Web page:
Lakers Offseason Preview – Lebron’s Sidekick?

It’s no secret that Lakers hold all the power this offseason. With Lebron James, Paul George, Chris Paul, Demarcus Cousins, and Kawhi Leonard all being linked to one of the most iconic franchises in sports, the possibilities are endless.

Assuming the Lakers decide not to completely dismantle their team, they would likely have room for two max contracts this offseason, leaving them the opportunity to sign or trade for any two of the five stars listed above. Lebron James is clearly on another level from any of the other five, and understanding that the Lakers have the best chance of signing him, that leaves one max deal for the other four players.

Paul George, Chris Paul, Demarcus Cousins, and Kawhi Leonard are all fantastic and would immediately improve the young Lakers. Let’s take a look at the pros and cons of each player.

Paul George

Paul George has been linked to the Lakers for the longest of the four and has built a strong relationship with many of the young players currently on the Lakers. He would provide Lebron a great three-point shooter, defensive player, creator, and essentially a second star.

The glaring weakness of Paul George is his ability to play second fiddle to another star. While it is disrespectful to compare Lebron to Russell Westbrook, they each need the ball in their hands in the important situations of the game. In this years’ playoffs, George and Melo would stand in the corners and watch Westbrook struggle to create shots for himself against a hungry Jazz defense.

Assuming that Paul George was killed by user error with Billy Donovan and Russell Westbrook, he should fit next to Lebron just fine in the purple and gold.

Chris Paul

Of the four players, Chris Paul is arguably the most skilled and creates the most wins for his team. If the Lakers were to sign CP3, that also takes away a huge weapon from one of the Lakers’ eventual rivals in Houston.

While Chris may be the best option today, signing a 33-year-old to a 100+ million dollar contract can be scary. The Lakers know firsthand that ugly contracts can cripple for future, as they were forced to trade young star D’Angelo Russell away just to clear up the contract of Timofey Mozgov signed by previous management. Of the four, Paul is also the least rumored of joining the Lakers. It might not be smart for the Lakers to put all of their “eggs in the Chris Paul basket” without knowing for sure the mutual interest. Signing Paul would also force the Lakers to make a trade involving Lonzo Ball whether they’d want to or not. I believe Lonzo and Lebron and coexist, but CP3 and Lonzo would get redundant together, especially with Lebron needing the ball as well.

While the cons seem to outweigh the pros with Chris Paul, you can’t deny his skill. If the Lakers wanted to keep their young core around, could you imagine two better veterans to lead your team than Lebron and CP3?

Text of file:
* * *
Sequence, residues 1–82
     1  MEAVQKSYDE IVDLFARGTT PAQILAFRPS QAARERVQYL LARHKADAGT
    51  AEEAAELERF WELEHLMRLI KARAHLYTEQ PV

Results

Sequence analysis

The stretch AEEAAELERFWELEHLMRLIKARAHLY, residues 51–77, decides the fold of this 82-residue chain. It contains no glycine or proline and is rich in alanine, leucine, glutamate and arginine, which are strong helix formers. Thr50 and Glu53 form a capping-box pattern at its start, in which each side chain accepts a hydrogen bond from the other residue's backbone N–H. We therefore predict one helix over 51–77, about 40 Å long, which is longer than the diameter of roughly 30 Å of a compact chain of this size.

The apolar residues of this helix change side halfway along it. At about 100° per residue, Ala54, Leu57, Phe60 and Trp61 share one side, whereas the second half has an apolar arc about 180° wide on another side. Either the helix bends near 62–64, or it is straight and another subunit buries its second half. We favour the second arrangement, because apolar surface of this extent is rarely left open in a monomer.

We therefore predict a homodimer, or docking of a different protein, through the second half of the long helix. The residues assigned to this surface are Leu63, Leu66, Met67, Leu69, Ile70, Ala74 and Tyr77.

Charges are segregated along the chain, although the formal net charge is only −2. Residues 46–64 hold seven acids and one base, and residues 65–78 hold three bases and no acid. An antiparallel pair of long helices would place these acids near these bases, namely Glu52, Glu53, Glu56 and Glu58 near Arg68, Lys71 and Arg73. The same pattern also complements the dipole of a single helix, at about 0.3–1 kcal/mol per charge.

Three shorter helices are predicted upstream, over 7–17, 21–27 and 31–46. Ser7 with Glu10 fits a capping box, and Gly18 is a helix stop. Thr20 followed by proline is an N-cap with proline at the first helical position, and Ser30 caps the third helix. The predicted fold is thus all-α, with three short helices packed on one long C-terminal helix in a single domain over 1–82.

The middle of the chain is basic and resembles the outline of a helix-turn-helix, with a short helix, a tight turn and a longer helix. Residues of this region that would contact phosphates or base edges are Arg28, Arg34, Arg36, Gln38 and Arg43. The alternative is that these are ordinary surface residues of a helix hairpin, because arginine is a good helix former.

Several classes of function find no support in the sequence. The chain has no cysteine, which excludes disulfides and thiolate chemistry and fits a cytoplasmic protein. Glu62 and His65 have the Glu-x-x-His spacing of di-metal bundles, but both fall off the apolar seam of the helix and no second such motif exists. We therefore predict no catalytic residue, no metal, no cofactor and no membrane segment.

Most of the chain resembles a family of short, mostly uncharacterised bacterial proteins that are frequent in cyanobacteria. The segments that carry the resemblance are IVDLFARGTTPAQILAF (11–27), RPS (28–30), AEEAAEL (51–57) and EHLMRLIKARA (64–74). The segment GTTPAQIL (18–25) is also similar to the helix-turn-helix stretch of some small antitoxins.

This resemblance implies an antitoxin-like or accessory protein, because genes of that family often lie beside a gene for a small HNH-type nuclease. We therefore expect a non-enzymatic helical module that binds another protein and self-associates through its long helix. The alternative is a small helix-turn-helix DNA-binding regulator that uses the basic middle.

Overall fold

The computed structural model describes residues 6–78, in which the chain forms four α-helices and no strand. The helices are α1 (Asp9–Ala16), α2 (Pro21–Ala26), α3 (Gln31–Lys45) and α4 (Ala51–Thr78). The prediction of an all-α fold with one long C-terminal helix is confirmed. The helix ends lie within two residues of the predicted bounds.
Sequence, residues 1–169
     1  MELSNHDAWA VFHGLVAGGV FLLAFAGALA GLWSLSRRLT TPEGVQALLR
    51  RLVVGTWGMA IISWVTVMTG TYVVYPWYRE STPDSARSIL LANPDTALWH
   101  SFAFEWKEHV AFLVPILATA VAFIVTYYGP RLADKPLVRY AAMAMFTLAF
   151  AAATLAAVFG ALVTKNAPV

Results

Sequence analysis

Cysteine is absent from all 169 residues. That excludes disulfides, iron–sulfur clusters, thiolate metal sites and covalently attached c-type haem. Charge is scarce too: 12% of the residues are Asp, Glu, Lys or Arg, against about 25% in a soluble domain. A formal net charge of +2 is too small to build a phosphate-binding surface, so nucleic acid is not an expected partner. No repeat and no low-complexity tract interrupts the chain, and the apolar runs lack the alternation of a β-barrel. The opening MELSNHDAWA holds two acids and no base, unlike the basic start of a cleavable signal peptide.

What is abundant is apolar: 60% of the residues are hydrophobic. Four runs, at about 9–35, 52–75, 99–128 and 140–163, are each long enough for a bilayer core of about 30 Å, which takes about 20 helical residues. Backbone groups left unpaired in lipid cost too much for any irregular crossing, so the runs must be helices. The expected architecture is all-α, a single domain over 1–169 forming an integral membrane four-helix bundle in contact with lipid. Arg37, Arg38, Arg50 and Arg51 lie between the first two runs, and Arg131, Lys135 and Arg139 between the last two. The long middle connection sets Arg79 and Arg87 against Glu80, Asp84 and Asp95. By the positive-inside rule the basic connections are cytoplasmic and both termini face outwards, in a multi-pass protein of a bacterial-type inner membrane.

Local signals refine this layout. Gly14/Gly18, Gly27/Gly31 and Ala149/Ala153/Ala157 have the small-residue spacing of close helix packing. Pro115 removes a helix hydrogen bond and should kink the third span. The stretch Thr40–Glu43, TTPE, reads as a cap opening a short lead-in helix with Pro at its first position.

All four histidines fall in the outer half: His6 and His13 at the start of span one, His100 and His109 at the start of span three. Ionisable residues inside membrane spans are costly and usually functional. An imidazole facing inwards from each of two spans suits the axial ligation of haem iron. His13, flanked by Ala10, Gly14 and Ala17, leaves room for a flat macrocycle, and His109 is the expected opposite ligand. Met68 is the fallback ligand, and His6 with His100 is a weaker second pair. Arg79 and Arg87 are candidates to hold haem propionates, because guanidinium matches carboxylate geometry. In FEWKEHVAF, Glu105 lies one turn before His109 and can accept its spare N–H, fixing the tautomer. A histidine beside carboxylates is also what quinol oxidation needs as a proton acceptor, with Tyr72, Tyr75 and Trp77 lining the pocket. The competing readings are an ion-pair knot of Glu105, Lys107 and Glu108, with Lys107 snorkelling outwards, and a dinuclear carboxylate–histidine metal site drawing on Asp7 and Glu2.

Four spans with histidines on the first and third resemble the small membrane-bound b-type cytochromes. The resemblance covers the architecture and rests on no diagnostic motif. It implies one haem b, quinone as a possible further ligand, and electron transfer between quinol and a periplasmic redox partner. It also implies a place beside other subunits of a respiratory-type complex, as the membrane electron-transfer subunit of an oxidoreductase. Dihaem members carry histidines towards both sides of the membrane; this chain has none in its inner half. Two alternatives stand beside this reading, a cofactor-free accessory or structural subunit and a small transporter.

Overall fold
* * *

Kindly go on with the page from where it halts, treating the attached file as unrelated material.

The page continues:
Demarcus Cousins

As one of Demarcus Cousins’ biggest fans ever, I can assure you that he is a generational talent when given the opportunity. With his lack of playoff experience and emotional nature, people are quick to label Cousins as a perennial loser or “hot head.” Playing next to Lebron James under the bright lights of the Staples Center would hopefully clear those issues right up.

The risk with Demarcus Cousins comes with his injury history. After being forced to sit out the second half of last season with a torn achilles, no one knows if he will produce to Lebron’s expectations. Wesley Matthews tore his achilles in 2015. He hasn’t been the same player since. I’m sure the Lakers will do their due diligence and test the health of Cousins before signing him up to a max deal, but you’ll really never know for sure.

While the ferocity of Lebron James and Demarcus Cousins may look great on paper, the injury risks coming with the former King may be too much for the Lakers to look past.

Kawhi Leonard

Prior to last season, Kawhi Leonard was widely regarded as the best defender in the league and arguably even the best three-point shooter after averaging 26 points on 49% shooting from the field. He and Gregg Popovich were perfect for each other, and the Spurs were a threat in the Western Conference. Fast forward one year…

Kawhi Leonard sat out the entire season with an injury that should’ve taken no more than two months to heal. He was constantly being called out by his teammates, coaching staff, and the media for not caring enough about the team to play in the playoffs with his allegedly healed right quad.

The question for the Lakers is which Kawhi will you get; the unselfish, perimeter defending, three-point scoring system centerpiece, or the selfish, injury-prone quitter we saw last year?

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